When a winter storm threatens our area, the local weather forecasts will contain a variety of terms for watches/warnings/advisories and precipitation types. The following is a list of commonly used terms for winter forecasts.


Advisories: Issued for weather conditions that are hazardous, but not necessarily life threatening.

Blizzard Warning: Issued when snow and strong winds combine to produce low visibility, deep snow drifts, and dangerously low wind chills.

Freezing Rain/Drizzle Advisory: Issued when freezing rain/drizzle will produce hazardous, but not life-threatening, conditions for motorists and pedestrians.

Snow Advisory: Issued when one to three inches of snow is expected to accumulate within 12 to 24 hours.

Watches/Warnings: Issued for life-threatening weather conditions.

Winter Storm Watch: Issued when at least four inches of snow in 12 hours, at least six inches of snow in 24 hours, or significant ice accumulations are possible within 12 hours.

Winter Weather Advisories: Issued when a variety of winter weather precipitation will cause significant inconvenience and may be hazardous, but probably not life threatening.

Forms of Precipitation

Alberta Clipper: A name for a fast moving low pressure system that forms over or near the province of Alberta, Canada and tracks south and east across the northern tier of the U.S. This storm brings strong winds and cold air, but not much snow.

Blowing Snow: Wind-driven snow that reduces visibility and causes significant drifting. Blowing snow may be loose snow picked up by the wind from the ground.

Freezing Rain/Drizzle: Rain/drizzle with temperatures that are below freezing that strikes a surface, such as a road, bridge, sidewalk, tree, or car. The rain/drizzle freezes instantly on impact, forming a layer of ice.

Ice Storm: A label for damaging accumulations of ice resulting from a lengthy period of freezing rain. Significant ice accumulations are usually 1/4 inch or greater.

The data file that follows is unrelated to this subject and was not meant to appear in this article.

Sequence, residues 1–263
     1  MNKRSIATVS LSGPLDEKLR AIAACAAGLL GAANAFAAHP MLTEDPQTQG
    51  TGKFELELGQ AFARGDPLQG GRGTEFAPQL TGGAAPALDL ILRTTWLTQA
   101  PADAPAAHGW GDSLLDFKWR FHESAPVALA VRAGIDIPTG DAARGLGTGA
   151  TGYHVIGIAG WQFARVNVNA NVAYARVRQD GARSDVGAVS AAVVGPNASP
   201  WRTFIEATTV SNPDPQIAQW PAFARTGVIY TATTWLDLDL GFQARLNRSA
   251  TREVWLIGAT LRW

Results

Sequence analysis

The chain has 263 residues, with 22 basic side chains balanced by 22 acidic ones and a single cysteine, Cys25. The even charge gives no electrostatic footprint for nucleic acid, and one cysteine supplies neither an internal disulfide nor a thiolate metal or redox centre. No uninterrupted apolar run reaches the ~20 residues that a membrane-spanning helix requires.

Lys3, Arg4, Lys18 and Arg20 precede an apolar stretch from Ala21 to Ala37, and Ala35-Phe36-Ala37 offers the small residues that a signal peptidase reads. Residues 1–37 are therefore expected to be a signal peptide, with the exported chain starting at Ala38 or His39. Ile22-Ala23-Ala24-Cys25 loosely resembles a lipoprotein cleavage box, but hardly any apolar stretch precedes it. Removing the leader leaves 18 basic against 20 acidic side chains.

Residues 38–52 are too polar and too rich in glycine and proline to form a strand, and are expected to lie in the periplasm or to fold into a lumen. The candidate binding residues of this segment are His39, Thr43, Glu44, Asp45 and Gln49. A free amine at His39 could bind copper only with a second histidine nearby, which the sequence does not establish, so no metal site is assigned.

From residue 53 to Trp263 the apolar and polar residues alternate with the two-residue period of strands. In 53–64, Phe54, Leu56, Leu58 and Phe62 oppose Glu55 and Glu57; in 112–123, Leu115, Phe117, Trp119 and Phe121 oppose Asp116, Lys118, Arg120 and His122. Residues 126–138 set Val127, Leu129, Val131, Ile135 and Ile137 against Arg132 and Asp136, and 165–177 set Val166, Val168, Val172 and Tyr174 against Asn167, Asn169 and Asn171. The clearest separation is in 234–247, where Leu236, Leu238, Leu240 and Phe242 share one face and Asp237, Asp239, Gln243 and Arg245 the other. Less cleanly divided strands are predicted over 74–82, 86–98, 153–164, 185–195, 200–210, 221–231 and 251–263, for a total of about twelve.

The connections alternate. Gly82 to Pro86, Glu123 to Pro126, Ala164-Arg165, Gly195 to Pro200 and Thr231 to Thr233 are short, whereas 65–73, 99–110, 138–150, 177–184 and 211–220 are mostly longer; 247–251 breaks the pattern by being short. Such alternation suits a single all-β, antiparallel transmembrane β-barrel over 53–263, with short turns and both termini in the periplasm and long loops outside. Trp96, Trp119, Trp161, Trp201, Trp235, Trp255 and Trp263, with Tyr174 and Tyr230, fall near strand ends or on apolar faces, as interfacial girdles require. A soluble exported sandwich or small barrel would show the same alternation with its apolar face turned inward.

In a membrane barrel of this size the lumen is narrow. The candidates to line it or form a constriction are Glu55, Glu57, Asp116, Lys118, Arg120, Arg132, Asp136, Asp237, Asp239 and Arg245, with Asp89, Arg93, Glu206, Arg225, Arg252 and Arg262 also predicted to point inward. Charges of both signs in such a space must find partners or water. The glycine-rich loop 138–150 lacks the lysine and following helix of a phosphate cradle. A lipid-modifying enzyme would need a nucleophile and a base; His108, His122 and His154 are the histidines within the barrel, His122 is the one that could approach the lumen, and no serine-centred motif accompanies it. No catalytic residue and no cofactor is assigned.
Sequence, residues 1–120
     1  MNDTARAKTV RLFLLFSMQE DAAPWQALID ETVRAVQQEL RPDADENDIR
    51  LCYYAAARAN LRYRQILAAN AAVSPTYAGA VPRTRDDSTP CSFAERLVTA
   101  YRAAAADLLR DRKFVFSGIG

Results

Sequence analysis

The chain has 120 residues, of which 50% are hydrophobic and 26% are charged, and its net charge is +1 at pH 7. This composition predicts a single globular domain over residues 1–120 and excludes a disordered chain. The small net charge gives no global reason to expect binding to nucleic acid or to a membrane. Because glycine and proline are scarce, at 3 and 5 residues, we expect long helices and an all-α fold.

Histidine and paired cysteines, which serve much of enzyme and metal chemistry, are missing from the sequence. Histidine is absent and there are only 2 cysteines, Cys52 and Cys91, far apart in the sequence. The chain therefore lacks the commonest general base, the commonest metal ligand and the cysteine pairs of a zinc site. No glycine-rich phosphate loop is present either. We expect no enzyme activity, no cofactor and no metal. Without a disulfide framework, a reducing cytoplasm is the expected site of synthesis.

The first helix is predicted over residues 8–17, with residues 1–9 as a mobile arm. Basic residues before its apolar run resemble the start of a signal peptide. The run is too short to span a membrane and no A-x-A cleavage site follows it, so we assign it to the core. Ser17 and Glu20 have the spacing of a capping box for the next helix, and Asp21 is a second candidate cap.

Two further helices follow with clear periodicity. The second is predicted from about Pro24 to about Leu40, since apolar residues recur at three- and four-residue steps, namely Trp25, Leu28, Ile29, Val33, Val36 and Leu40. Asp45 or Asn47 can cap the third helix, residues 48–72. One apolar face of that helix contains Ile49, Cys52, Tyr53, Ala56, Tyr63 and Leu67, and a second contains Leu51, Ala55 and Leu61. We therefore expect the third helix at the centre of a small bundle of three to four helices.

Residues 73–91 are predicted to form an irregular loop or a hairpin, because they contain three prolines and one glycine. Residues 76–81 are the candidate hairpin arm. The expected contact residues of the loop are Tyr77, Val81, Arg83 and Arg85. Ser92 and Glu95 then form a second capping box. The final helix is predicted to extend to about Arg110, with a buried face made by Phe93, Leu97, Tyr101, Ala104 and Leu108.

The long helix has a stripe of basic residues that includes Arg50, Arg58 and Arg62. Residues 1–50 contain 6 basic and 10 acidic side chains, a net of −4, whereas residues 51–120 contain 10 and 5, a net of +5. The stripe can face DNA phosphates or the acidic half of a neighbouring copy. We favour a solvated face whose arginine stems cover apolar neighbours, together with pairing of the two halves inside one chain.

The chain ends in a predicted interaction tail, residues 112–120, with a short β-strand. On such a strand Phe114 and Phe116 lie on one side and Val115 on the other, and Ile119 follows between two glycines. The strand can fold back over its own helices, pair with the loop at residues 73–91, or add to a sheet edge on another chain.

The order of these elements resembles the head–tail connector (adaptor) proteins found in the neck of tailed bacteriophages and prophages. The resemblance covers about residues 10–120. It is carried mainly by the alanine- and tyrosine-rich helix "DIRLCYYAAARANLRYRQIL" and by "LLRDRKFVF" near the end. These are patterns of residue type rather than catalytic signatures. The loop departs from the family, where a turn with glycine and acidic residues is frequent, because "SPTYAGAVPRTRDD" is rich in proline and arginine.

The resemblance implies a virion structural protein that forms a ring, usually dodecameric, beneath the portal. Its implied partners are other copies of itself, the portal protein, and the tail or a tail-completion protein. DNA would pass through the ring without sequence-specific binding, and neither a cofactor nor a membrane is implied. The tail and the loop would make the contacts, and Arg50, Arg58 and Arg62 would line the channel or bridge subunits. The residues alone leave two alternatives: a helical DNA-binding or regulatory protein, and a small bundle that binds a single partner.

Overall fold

Nor’easter: An intense area of low pressure that forms along or near the East Coast and rapidly intensifies as it moves toward the north or northeast. These storms are known for producing strong northeast winds, coastal flooding, beach erosion, and heavy precipitation along the U.S. East Coast. These storm systems are also called winter hurricanes.

Sleet: Raindrops that freeze into ice pellets before reaching the ground. Sleet usually bounces when hitting a hard surface. Long periods of falling sleet can result in a minor accumulation and cause hazard to motorists and pedestrians.

Snow: A steady fall of snowflakes for several hours or more.

Snow Flurry:Light snow falling for a short duration and resulting in no accumulation.

Snow Shower:Snow falling at varying intensities for brief periods of time, with some light accumulation possible.

Snowstorm: A label for a heavy snowfall event. The term is used for events in which at least four inches of snow will fall during a 12-hour period, or six inches will fall during a 24-hour period. Strong winds may accompany the snowfall to produce blowing snow and low wind-chill.

Wintry Mix:  An unspecified combination of snow, sleet, freezing rain, and ice.